Spring 2016 Events

NOTE: Presentations are best viewed by downloading and opening the file in MSPowerPoint instead of the Google Slides viewer.

Active Learning Strategies

February 5

This event will focus on providing you with a plan for implementing active learning strategies and evidence-based practices appropriate to the classroom you find yourself teaching in -- be it a large fixed-seat lecture hall, an intimate seminar room, or a virtual classroom online. During this event, you will design an active learning component one of your courses and have the opportunity to receive feedback on its implementation.

Creating and Using Rubrics

February 9

Evaluative rubrics are a great method of assessing learning. This event will introduce the concepts of evaluative rubrics, their development, and application. You will have the opportunity to develop a rubric to use in one of your courses and will be able to share it with other participants for feedback.

Tools of Engagement Project

February 10

Educators today face the daunting task of working with students who come from a world where smartphones, tablets, streaming videos and apps are second nature. With the traditional “sage-on-the-stage” model becoming a thing of the past, instructors must use new technologies to engage students who have grown up in a mobile-friendly world.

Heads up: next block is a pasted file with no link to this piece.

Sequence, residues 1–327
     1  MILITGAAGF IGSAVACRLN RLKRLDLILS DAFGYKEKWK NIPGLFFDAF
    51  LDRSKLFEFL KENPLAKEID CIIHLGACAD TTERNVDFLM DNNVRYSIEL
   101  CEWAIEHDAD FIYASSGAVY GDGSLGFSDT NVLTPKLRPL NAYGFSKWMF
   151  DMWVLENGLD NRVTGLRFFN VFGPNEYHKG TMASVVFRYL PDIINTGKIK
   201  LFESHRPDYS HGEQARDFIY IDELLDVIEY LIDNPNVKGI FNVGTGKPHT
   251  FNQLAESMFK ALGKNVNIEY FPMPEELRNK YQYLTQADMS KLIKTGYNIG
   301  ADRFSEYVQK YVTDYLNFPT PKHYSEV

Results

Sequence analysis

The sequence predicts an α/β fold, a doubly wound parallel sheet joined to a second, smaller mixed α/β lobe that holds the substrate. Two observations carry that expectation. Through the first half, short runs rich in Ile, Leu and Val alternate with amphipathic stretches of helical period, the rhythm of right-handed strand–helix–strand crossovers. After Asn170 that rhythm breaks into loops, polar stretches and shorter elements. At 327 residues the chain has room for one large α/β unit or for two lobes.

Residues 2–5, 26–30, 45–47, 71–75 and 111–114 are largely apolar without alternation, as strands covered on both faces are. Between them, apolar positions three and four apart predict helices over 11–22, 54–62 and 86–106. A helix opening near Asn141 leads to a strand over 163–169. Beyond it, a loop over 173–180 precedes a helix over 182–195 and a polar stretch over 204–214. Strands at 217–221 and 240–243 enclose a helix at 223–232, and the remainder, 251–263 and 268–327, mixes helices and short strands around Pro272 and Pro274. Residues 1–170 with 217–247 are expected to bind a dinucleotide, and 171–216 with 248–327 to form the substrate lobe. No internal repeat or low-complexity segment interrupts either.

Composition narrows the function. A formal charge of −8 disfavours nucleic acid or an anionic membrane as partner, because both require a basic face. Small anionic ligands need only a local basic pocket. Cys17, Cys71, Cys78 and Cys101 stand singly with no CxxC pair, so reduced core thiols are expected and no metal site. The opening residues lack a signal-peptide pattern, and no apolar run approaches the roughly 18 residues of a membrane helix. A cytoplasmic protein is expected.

Binghamton University faculty interested in exploring these new teaching methods can take part in TOEP — the Tools of Engagement Project — a free, online professional development program implemented across 19 SUNY campuses. The aim of TOEP is to encourage instructors to adapt to this new learning landscape by seamlessly integrating instructional technologies to enhance course content and increase student engagement.

Creating Better Presentations and Presenting Them

February 19

What makes for a great presentation? How can you avoid “Death by Powerpoint”? Don’t know where to start in preparing a presentation for your class or conference? This event will introduce you to concepts and applications that can help you to create and deliver a powerful and engaging presentation.

Providing Feedback to Your Learners

February 23

What do learners expect in terms of feedback on their assignments? How does the feedback you provide your learners relate to student retention? This event is a co-sponsored by the Center for Learning and Teaching and the Binghamton University Writing Initiative. Robert Danberg (Writing Initiative) and Eric Machan Howd (CLT) will lead you through some concepts of providing feedback to your learner to keep them engaged and learning. Additional time will be spent on various feedback techniques that involve multimedia, rubrics and more.

Student Panel II: International Perspective

March 11